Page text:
Ten Scientific Studies Mentioning Alpha Lipoic Acid -- Out Of 1231 Total
Note: Obviously Alpha Lipoic Acid is a popular
substance -- with more than 1000 separate scientific
references to this substance. The ten top items are
shown below, and then a few selected abstracts further
below. The first four references are actually
published at the bottom of the page -- click on the link
to jump to them. The remaining references have web
addresses you can use to go to that abstract.]
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Protective effect of alpha-lipoic acid
against ischaemic acute renal failure in rats.
Takaoka M, Ohkita M, Kobayashi Y, Yuba M, Matsumura Y.
Department of Pharmacology, Osaka University of
Pharmaceutical Sciences, Osaka, Japan.
1. In the present study, we investigated whether
treatment with alpha-lipoic acid (LA), a powerful and
universal anti-oxidant, has renal protective effects in
rats with ischaemic acute renal failure (ARF). 2.
Ischaemic ARF was induced by occlusion of the left renal
artery and vein for 45 min followed by reperfusion, 2
weeks after contralateral nephrectomy. Blood urea
nitrogen (BUN), plasma concentrations of creatinine (Pcr)
and urinary osmolality (Uosm) were measured for the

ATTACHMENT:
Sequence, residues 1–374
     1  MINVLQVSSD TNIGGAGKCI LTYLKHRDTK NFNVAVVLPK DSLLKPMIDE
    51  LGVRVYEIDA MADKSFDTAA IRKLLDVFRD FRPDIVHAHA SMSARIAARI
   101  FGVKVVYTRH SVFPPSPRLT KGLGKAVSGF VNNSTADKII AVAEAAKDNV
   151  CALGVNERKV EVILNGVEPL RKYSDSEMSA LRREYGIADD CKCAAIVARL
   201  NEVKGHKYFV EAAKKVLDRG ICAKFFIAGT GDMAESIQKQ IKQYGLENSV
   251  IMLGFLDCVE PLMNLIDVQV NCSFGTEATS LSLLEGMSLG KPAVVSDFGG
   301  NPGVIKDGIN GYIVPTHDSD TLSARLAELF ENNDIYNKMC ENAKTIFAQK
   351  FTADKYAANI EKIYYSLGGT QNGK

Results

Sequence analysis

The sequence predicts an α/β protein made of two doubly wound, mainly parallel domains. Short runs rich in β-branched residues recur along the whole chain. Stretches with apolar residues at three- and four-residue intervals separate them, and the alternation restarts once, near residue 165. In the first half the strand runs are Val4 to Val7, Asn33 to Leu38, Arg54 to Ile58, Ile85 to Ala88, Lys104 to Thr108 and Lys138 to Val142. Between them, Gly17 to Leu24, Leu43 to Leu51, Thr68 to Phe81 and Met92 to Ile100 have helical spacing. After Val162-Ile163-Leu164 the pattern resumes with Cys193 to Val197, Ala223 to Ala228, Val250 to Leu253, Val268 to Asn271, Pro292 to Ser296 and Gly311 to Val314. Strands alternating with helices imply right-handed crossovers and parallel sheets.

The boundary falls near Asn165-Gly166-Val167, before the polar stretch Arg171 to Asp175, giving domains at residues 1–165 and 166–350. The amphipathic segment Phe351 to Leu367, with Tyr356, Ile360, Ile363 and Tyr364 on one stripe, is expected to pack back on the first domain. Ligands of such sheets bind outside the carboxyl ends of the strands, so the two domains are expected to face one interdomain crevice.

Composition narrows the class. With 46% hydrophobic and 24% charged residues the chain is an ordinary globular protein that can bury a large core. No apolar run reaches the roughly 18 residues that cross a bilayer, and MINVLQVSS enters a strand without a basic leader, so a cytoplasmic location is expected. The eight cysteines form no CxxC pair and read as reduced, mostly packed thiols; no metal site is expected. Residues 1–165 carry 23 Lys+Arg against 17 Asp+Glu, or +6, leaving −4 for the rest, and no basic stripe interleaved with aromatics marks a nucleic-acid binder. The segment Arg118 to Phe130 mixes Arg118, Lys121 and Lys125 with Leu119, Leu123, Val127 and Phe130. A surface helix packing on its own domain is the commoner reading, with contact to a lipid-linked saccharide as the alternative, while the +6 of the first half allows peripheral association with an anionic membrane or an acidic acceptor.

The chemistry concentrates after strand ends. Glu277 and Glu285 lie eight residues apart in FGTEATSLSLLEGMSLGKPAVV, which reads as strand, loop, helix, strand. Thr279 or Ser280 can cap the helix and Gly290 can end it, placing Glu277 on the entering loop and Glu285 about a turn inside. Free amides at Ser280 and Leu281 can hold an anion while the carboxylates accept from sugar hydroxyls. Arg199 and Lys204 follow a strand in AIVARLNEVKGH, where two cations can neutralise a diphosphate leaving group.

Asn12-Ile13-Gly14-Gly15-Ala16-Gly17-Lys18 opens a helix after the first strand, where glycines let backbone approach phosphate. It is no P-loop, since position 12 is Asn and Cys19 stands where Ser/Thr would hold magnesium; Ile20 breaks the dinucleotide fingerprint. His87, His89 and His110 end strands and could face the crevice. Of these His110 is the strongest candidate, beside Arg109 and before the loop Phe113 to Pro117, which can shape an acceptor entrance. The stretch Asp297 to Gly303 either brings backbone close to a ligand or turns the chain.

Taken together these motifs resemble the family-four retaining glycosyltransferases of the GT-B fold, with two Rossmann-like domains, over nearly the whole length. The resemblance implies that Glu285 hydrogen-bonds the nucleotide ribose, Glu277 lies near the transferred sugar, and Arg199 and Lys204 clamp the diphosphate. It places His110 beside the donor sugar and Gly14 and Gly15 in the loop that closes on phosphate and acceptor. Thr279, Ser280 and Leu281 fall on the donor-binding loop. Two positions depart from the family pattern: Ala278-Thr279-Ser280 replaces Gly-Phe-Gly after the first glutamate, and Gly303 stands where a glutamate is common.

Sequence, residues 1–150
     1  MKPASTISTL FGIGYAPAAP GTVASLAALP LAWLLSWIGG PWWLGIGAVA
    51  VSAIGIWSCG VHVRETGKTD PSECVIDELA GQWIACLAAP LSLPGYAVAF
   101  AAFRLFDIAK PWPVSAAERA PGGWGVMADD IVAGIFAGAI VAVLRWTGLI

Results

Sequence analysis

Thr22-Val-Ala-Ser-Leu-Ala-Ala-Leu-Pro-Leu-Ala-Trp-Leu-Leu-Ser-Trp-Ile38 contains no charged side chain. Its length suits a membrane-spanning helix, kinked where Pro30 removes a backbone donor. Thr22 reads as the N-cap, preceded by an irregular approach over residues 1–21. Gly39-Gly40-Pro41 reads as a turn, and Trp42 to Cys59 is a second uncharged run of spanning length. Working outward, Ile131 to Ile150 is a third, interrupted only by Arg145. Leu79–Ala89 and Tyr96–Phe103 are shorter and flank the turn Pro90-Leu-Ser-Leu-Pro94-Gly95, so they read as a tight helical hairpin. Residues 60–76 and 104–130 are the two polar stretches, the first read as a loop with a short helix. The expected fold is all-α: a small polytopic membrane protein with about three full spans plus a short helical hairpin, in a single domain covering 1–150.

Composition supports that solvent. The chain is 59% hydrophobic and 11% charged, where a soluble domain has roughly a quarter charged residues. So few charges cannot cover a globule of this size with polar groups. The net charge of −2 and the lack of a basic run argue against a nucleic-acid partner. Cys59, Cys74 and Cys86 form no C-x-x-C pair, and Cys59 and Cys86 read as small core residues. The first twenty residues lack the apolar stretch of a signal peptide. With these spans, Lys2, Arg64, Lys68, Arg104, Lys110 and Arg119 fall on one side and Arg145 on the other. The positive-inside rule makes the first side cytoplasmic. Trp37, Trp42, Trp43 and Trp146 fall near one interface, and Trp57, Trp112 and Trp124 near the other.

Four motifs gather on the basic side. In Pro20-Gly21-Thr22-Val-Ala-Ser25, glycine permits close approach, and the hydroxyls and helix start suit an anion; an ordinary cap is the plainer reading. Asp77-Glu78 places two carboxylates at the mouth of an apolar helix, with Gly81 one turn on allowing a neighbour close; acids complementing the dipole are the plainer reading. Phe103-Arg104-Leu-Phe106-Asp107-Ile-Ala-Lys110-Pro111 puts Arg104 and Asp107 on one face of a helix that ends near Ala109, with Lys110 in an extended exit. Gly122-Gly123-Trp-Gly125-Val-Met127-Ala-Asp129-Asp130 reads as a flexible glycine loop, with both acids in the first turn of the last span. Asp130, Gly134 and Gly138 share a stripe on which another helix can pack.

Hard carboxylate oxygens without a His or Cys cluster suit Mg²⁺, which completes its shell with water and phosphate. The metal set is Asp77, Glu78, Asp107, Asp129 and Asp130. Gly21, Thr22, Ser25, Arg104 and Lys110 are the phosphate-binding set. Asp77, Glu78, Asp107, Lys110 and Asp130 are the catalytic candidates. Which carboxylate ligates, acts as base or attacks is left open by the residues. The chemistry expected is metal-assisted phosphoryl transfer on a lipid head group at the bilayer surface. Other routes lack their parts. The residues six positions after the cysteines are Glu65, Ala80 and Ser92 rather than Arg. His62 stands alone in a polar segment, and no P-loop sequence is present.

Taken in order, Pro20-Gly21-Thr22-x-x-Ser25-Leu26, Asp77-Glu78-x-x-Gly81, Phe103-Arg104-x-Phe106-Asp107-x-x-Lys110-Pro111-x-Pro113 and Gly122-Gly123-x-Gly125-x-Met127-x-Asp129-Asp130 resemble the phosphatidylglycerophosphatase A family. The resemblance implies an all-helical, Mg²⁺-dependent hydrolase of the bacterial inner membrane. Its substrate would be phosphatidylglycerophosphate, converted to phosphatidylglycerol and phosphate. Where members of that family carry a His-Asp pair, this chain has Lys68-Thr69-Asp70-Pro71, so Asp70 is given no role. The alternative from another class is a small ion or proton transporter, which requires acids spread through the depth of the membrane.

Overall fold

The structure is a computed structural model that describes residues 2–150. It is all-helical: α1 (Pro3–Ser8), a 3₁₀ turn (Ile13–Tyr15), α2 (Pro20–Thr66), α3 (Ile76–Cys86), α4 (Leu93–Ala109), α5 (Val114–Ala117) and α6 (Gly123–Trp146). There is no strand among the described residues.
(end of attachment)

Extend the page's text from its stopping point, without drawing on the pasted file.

assessment of renal dysfunction. Creatinine clearance (Ccr)
and fractional excretion of Na+ (FENa) were used as
indicators of glomerular and tubular function,
respectively. 3. Renal function in ARF rats decreased
markedly 24 h after reperfusion. Intraperitoneal
injection of LA at a dose of 10 mg/kg before the
occlusion tended to attenuate the deterioration of renal
function. A higher dose of LA (100 mg/kg) significantly
(P < 0.01) attenuated the ischaemia/reperfusion-induced
increases in BUN (19.1 +/- 0.7 vs 7.2 +/- 0.7 mmol/L
before and after treatment, respectively), Pcr (290 +/-
36 vs 78.1 +/- 4.2 micromol/L before and after treatment,
respectively) and FENa (1.39 +/- 0.3 vs 0.33 +/- 0.09%
before and after treatment, respectively). Treatment with
100 mg/kg LA significantly (P < 0.01) increased Ccr (0.70
+/- 0.13 vs 2.98 +/- 0.27 mL/min per kg before and after
treatment, respectively) and Uosm (474 +/- 39 vs 1096 +/-
80 mOsmol/kg before and after treatment, respectively).